Conferring with her team of instructors, Marshall, a University of Florida geologist, reboots the drone. A delegation convinces the men using the site for target practice to move to a different area. The marooned van will have to wait, because the 18 students — some here in the desert, some joining remotely — are keen to do some science.
“They need this. If they don’t have experiences like this, we’ll lose some amazing minds out of our field,” Marshall says. “I don’t want that to happen.”
“These are the students that are being pushed out of our discipline,” says UF geologist Anita Marshall, pictured at a site in Arizona where she offers inclusive, accessible fieldwork opportunities for disabled students.
If you care about clean water, climate change, energy, sustainable agriculture or other areas that rely on earth scientists, neither should you, Marshall argues. But earth science degrees often require a physically taxing, six-week camping trip far from medical care and even electricity. It’s a deal breaker, not only for those with mobility limitations, but also chronic fatigue, digestive issues, even severe food allergies — not to mention family or work responsibilities that prevent them from disappearing into the wilderness for half the summer.
With a $440,149 grant from the National Science Foundation, she launched GeoSPACE, an accessible field camp that’s opening geosciences — the least diverse STEM field — to people who might not fit the mold of the mountain-scaling explorer conquering the wilderness.
That’s the very image that drew Marshall to the field, until a near-fatal accident changed her trajectory.
Now she wants to reimagine field camp from the ground up.
“I don’t want field camp to be a barrier,” she says. “I want it to be a springboard.”
People Before Rocks
The drone is finally cooperating.
“Fly my pretty, fly!” Marshall says, handing the controls to Francesca Butler, a geology student from the United Kingdom. Because Butler uses a wheelchair, she’s been excluded from fieldwork at her university. Butler says GeoSPACE’s summer 2022 pilot program has allowed her to feel “like a real geologist.”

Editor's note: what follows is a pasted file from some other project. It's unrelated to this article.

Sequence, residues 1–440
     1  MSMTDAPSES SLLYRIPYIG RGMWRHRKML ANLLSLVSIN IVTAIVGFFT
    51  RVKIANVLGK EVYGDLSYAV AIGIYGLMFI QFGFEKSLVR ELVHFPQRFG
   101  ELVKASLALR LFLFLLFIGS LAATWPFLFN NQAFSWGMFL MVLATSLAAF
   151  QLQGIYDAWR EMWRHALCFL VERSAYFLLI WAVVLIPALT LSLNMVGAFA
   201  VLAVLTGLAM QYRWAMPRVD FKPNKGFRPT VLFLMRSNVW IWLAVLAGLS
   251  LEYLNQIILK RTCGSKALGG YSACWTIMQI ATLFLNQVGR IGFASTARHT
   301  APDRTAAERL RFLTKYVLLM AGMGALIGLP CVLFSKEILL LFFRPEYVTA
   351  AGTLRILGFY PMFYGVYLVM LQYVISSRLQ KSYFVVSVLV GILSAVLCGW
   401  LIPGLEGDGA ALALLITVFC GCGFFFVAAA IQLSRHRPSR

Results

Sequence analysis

“I was almost in tears when I was able to get out in the field for the first time,” she says. “I think this is going to be the blueprint for the future.”
After exploring the trails leading around and through the crater, Butler is getting a bird’s-eye view of an outcrop rippled with striations of red, brown and black that reveal the desert’s volcanic past. Drones are one way Marshall brings the rocks to students. She also leverages satellite imagery, live high-definition video and the messaging platform Discord to put students in the middle of the action, whether they’re exploring the outcrop, working from a high-tech base camp beneath a pop-up awning, or joining remotely from home. After a half day at the site, they’ll return to a La Quinta in Flagstaff to review their data, learn about high-precision GPS mapping, and eat a home-cooked meal that accommodates all participants’ dietary needs.
It’s the opposite of a typical field camp, where forgoing comfort — and technology — is as much a part of the experience as the science.
But as Marshall is fond of saying, the rocks don’t care if you slept in a hotel.
“Chug your water, guys, that was a lot of dry air,” Marshall says from the driver’s seat on the way back from the field site.
The 15-passenger van rattles down a washboard road, every rut reverberating in bone-jarring judders. Pebbles ping the undercarriage like popcorn in a pan. Getting out of the classroom and into wild places like this is a cornerstone of field camp, and where research shows many students start to feel like real scientists. But for students with disabilities, who represent about 20% of the undergraduate population nationwide, it can also be an enormous source of stress. If they can’t get the accommodations they need to participate, they may have to change majors. That can lead students with less-visible disabilities to hide them, putting themselves in danger — a pattern Marshall knows well from her own experience. With this trip, she’s setting out to prove that the rigor and the joy of field camp can come in an accessible package.
It took a year of planning and scouting to organize locations and logistics. Each site needs passable roads, wheelchair-friendly surfaces, strong cell service for streaming video, and proximity to accessible hotel rooms and bathrooms. If a site doesn’t offer a meaningful field experience for everyone on the trip, it doesn’t make the cut.
In her years of advocating for inclusion, “a lot of times you feel like you’re hitting your head against a brick wall,” says Marshall, pictured with student Francesca Butler. “This is the first time I felt like we actually put a crack in that wall.”
They also try not to spend more than half a day out in the elements, as their enthusiasm can tempt them to push beyond their limits — another pattern Marshall knows well. Throughout undergraduate and most of grad school, she relished the physicality of her fieldwork-heavy earth science program.
Then, on the night of her department’s awards banquet at the University of Arkansas, a drunk driver hit her as she was unloading her pickup truck. She nearly died at the scene and again at the hospital. When she regained consciousness, her left leg was crushed. So, she thought, were her dreams of becoming a field geologist.
“One of my very first thoughts when I woke up in the hospital was that my geology career was over,” she says. “I had never heard of a geologist with a disability. I didn’t see any path forward.”